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Meditate / Wellbeing

A New Year Meditation

By The Yoga School / January 1, 2020

The turn of the decade is a powerful time of transition. If you’ve been wanting to begin a sadhana practice, now’s the time to let go of old layers and start afresh

Perhaps you’ve been thinking of starting a daily meditation practice but haven’t gotten around to it – if so, this powerful time of transition is perfect for kickstarting your year with a sadhana.


Simply put, it’s personal spiritual discipline, a daily practice which allows oneself to turn inward and go through self-evaluation. Being spiritual doesn’t necessarily mean that it has to be about religion – a spiritual practice is essentially one that connects you to your true self. For instance, some people might find connecting with nature a spiritual experience as it makes them feel more in tuned with life, and with themselves.

Sadhana is self-enrichment. It is not something which is done to please somebody or gain something. Sadhana is a personal process in which you bring out your best.

  -Yogi Bhajan

A sadhana could take the form of many things: reading a spiritual text, practicing a specific kriya, or chanting a daily mantra. You could even begin every morning with a mindful walking meditation in nature.

Kundalini Master Yogi Bhajan said, “Sadhana is the technique to discipline yourself. It is a scientific way to live. The greatest reward of sadhana is that the person becomes incapable of bring defeated. Sadhana is a self-victory, and it is a victory over time and space. Getting up in the morning is a victory over time, and doing it is victory over space.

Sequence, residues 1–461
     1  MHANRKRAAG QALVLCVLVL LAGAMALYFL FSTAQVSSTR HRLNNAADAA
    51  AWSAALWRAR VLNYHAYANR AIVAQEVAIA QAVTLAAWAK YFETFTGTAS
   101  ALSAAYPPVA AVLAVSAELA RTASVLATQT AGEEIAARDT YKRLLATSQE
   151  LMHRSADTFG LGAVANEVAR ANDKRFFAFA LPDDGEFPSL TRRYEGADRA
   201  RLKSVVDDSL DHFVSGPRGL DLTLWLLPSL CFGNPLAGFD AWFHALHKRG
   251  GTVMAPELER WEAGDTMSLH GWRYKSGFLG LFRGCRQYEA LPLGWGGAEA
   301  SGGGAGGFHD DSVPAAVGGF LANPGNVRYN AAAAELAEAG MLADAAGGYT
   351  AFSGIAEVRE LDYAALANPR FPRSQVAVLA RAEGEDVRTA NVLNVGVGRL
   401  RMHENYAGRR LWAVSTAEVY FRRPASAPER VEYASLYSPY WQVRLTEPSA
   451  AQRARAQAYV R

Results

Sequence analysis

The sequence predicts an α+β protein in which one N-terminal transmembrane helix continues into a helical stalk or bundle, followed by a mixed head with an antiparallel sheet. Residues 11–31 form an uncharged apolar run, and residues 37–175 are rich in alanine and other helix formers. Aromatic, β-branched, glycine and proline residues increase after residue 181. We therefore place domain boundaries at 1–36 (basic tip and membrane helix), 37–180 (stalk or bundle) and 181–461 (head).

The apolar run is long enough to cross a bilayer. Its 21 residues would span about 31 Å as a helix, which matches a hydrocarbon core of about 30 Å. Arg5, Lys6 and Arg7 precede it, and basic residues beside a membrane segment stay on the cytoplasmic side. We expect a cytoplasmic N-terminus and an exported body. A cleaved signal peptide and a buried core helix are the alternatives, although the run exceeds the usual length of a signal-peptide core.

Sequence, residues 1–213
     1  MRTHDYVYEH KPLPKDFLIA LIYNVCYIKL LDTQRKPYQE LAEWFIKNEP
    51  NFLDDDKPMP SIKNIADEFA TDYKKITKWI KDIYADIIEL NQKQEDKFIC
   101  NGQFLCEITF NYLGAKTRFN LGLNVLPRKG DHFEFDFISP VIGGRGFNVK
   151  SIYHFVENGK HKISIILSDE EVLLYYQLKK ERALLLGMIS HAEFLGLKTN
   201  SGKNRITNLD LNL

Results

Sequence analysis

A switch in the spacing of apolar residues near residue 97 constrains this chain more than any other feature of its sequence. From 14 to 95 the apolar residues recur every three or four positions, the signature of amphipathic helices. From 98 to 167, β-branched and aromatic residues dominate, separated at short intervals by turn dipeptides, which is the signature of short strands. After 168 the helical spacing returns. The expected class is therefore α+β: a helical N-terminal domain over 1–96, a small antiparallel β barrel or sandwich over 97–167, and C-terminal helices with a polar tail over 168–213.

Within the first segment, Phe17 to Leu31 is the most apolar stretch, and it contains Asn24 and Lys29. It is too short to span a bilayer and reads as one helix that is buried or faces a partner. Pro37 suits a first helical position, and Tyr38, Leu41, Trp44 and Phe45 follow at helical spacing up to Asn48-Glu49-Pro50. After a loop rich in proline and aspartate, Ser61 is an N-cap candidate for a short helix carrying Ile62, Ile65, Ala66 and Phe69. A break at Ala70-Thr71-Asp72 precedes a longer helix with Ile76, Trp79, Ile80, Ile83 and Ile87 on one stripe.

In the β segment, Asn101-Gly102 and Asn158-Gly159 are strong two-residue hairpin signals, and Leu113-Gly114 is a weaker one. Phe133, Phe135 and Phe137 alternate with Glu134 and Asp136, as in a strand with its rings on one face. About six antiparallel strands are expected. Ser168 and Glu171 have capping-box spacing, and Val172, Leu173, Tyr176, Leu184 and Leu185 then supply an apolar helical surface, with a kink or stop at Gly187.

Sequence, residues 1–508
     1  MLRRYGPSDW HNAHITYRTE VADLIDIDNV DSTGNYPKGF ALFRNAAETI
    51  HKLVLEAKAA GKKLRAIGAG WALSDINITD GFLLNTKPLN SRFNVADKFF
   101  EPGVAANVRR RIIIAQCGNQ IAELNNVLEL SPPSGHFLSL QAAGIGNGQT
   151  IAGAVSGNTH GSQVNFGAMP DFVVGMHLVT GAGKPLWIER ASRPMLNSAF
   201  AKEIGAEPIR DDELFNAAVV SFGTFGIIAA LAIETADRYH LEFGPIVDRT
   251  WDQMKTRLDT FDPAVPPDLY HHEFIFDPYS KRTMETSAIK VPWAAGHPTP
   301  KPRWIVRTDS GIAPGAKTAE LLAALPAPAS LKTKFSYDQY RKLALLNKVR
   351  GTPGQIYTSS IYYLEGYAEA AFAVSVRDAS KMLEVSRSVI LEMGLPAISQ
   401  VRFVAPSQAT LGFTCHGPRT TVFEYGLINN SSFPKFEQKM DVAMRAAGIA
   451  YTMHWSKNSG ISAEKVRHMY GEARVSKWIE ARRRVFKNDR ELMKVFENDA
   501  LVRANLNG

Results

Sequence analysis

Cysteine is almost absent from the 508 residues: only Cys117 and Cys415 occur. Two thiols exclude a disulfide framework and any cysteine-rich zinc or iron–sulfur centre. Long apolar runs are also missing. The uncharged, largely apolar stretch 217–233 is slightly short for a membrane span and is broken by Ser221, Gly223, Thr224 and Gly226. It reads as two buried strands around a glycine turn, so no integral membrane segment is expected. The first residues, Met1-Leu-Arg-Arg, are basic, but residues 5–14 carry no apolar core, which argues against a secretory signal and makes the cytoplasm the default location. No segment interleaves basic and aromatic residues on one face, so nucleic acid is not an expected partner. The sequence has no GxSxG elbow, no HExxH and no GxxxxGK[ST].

“For the mind to work for you for the whole day, it must be fresh and clear; it must be made liveable. That is why it is a requirement to rise early in the morning when nobody can disturb you, when you can be yourself.”


Think of a meditation practice as an approach to training the mind, just like how a fitness routine is an approach to training the body. Many studies have been done about the amazing benefits of meditation. In fact, researchers have found that as little as just 12 minutes of daily meditation over a period of eight weeks, can rewire the circuitry in the brain, bringing about decreased levels of anxiety and boosted feelings of well-being. Other documented benefits to the sympathetic nervous system include lower blood pressure levels, improved blood circulation, reduced blood cortisol levels, and deeper relaxation.


The “ambrosial hours” (the two and a half hours just before sunrise, when the sun is at a sixty degree angle to the earth), are believed to be most ideal for a sadhana practice. It’s quieter, making it easier to focus on your meditation before the day’s distractions begin.

Alternatively, the sandhyas (the transition times during the day) are also considered to be most effective for meditation: the Brahma Muhurta Sandhya (between 4am and 6am just before the break of dawn), is an auspicious time as the mind is calm and refreshed after a good night’s rest; the Vishnu Sadhya (at noontime), enables you to take a midday break from your daily routine to refocus your mind; and the Mahesha Sandhya (at sunset), helps you to transition from work and wind down after a busy day.

If you’re absolutely unable to practice at these recommended timings due to professional or family commitments, then find a time that works for you fit it into your day. The aim is to develop a regular sadhana practice, so regardless of when you do it, your practice will still benefit you.

With the beginning of each year, comes the opportunity for a little pause and self-reflection. Use this chance to refresh your sense of mental clarity and set an intention (rather than a resolution). This guided intention-setting meditation is a great tool to help you stay motivated and live in alignment with your intentions.


The Yoga School’s measures to safeguard your well-being on the mat. Download PDF